Fine Motor Skills (FMS): A crewmember completed a FMS session which was executed on a touchscreen tablet, where the subject performs a series of interactive tasks. The investigation studies how fine motor skills are affected by long-term microgravity exposure, different phases of microgravity adaptation, and sensorimotor recovery after returning to Earth gravity. The goal of FMS is to answer how fine motor performance in microgravity trend/vary over the duration of a six-month and year-long space mission; how fine motor performance on orbit compare with that of a closely matched participant on Earth; and how performance trend/vary before and after gravitational transitions, including the periods of early flight adaptation, and very early/near immediate post-flight periods.

Tropical Cyclone Maria: The crew setup and configured camera settings, before capturing images of Hurricane Maria to support the Tropical Cyclone investigation.  The Tropical Cyclone investigation is used to capture images of tropical cyclones and hurricanes that are rated at Category 3 or greater on the Saffir-Simpson scale. A pseudo-stereoscopic method is used to determine the altitudes of the cloud tops near the center (eye) of a cyclone by precisely tracking the apparent positions of cloud features with respect to the Earth and how those positions change over time as an observer (the ISS in this case) passes over the storm. The photographic images will be used to demonstrate that pseudo-spectroscopy can be used to measure the cloud altitudes to sufficient precision so that, when combined with other remote-sensing data, an accurate determination of the intensity of hurricane or cyclone can be made.

Marrow:  Today a 51S crewmember completed breath and ambient air sample collections for the Marrow investigation, which looks at the effect of microgravity on bone marrow. It is believed that microgravity, like long-duration bed rest on Earth, has a negative effect on the bone marrow and the blood cells that are produced in the bone marrow.

Rodent Research 9 (RR-9):  Today the crew completed an audit of the Rodent Research -9 hardware and supplies. The RR-9 investigation was successfully completed and returned on SpaceX-12 last week. The RR-9 experiment studies how microgravity affects the immune systems, muscles and bones of rodents during extended stays aboard the ISS.  After approximately 30 days aboard the ISS, the mice will be returned to Earth where scientists on the ground will study how their time in space has affected various tissues, including brain, muscle, heart, joint, the eyes and the immune system.

Multi-Omics-Mouse Closeout The crew performed Multi-Omics closeout activities by removing the Mouse Habitat Units from the Cell Biology Experiment Facility (CBEF), cleaning and taking photos of the glove box, and reconfiguring the video cables between the Video Compression and Recording Unit 2 (VRU2) and the CBEF.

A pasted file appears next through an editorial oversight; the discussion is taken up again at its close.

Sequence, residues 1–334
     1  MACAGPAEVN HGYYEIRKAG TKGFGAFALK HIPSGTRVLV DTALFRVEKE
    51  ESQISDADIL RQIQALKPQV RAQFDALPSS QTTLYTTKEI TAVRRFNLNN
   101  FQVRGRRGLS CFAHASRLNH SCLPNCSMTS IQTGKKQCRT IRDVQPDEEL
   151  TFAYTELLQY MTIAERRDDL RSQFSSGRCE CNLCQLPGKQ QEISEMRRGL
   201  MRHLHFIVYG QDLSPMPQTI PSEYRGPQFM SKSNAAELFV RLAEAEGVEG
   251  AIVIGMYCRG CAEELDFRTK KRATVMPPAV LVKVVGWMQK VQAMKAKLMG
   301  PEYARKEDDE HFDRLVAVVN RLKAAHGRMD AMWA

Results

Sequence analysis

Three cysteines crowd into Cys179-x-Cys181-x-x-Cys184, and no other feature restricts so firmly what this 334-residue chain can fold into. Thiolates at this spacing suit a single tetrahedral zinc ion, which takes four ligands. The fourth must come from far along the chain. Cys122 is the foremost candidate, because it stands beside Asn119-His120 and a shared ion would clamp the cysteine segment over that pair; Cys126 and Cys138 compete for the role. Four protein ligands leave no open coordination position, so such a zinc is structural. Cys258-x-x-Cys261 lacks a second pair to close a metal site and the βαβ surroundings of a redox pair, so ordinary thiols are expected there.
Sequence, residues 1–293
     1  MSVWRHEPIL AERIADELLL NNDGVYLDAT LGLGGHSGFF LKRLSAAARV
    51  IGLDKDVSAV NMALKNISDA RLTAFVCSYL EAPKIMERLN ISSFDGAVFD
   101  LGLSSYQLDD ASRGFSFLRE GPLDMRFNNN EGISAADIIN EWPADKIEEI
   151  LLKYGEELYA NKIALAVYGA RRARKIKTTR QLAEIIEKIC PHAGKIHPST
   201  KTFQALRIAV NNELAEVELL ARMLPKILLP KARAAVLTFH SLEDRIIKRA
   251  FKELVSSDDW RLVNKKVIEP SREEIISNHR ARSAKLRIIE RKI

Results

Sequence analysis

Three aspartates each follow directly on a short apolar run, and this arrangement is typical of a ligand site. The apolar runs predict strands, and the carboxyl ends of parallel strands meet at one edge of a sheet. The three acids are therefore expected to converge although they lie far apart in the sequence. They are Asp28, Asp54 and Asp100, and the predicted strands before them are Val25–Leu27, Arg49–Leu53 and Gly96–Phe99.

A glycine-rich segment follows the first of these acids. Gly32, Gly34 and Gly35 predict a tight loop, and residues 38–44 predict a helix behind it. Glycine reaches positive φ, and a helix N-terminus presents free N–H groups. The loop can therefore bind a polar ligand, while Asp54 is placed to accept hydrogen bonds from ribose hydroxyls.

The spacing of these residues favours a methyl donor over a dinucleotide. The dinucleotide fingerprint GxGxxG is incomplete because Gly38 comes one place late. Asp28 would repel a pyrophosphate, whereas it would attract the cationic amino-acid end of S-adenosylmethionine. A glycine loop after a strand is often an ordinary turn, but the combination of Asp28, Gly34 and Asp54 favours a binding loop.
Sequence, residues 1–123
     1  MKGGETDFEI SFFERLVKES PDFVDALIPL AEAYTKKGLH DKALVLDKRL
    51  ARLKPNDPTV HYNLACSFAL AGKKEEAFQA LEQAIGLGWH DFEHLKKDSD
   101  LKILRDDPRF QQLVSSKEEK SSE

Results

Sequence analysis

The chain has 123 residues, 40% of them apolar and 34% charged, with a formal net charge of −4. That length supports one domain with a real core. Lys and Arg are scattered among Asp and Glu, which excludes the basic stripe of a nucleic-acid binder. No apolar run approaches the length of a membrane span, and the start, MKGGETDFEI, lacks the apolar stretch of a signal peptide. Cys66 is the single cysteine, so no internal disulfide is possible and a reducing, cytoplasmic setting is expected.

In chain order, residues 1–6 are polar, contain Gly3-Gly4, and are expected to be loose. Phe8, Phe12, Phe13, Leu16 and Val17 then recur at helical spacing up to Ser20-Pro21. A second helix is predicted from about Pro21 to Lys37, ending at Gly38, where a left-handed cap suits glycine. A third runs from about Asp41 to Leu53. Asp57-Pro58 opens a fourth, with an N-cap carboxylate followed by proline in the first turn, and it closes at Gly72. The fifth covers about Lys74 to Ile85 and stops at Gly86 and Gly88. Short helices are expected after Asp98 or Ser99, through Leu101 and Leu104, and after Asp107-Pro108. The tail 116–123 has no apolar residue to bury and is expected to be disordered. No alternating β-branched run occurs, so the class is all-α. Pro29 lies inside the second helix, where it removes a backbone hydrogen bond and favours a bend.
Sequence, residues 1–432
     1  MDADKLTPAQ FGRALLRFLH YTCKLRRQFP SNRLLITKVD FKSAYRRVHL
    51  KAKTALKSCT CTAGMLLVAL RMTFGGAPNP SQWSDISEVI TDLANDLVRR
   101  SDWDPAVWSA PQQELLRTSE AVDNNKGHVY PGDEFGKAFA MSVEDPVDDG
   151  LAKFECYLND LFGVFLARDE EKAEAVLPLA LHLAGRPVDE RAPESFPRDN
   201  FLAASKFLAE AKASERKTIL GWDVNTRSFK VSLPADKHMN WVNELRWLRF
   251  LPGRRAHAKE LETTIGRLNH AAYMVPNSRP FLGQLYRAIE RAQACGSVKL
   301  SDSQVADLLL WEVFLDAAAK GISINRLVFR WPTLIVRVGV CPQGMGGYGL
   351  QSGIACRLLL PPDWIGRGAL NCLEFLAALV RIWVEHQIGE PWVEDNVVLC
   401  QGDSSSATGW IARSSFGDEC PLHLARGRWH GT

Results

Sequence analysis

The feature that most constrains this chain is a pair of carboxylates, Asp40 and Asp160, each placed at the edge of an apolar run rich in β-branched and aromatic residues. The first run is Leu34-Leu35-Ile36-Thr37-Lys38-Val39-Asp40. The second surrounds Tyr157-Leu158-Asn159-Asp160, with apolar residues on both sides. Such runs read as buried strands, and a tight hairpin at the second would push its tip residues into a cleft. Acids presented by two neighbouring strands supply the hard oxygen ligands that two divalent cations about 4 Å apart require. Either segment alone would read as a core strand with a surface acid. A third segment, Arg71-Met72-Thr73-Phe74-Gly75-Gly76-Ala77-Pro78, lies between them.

Manufacturing Device (MD) Operations: The crew removed and replaced the MD feedstock canister, extruder, and print tray. The Manufacturing Device – Additive Manufacturing Facility (AMF) enables the production of components on the ISS for both NASA and commercial objectives. Parts, entire experiments, and tools can be created on demand utilizing the AMF that is installed into an Express Rack locker location. The AMF is capable of producing parts out of a wide variety of thermopolymers including engineered plastics.

N3 Aft Port Intermodule Ventilation (IMV) Fan Inlet Cleaning: The crew cleaned this location to remove Foreign Object Debris (FOD) from IMV fan inlets and silencers.

Simplified Aid for EVA Rescue (SAFER) Training: In preparation for the upcoming EVAs in October, two US crewmembers were scheduled to perform virtual reality (VR) training simulating emergency recovery using SAFER. In the event a crew member becomes untethered while conducting an EVA, SAFER can be used to safely maneuver for recovery.  During the first session, there were some configuration issues, but once the configuration issues were resolved there were still some issues with executing the session.  Both of today’s sessions were deferred until the ground specialists can further review.

Advance Resistive Exercise Device (ARED) Upper Rack Cable Kinked: Today, the crew reported a reoccurrence of the ARED Upper Rack cable kinking.  No cable damage was reported.  The crew straightened the cable and took imagery for ground review. This is the second instance of this cable kinking this week.  There are spare cables on-orbit.
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AFTS is probably the only way USAF will get to 48 launches... that and having a launch provider that brings that many payloads to the US launch facilities.  Both AFTS and reusable launches are about cost of launch services... without SpaceX pushing the system incredibly hard, neither of these 'features' would be a part of the USAF's 'problem' because US launchers are otherwise too expensive for anything but USG launches (7-10 per year that are not SpaceX).
I think AFTS is necessary, but not a sufficient feature to get to 48 launches a year.

When I asked, on another thread, if it would be possible to launch all major US launch vehicles (IE Antares, Atlas V, DIV, F9 at the time) in a "salvo" off of different pads within a single week (different pads, so no pad refurb time) Jim posted that it wouldn't and the long pole in the tent was testing the (large) number of voice channels between the different range sites.

Which also begs the question is AFTS now SOP for all LVs on the range?
If not who still needs the manual system, which it's been stated needs the involvement of 98 staff to operate? And when do they plan (or do they plan) to transition to AFTS?

AFTS should be the baseline for new LV's (presumably Vulcan will have it) on US ranges but other LV's predate it and I'm not sure if it's viewed as a nice-to-have or a must-move-to.
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There will be a Soyuz-2 launch from Plesetsk on 25th October 2017. No more information.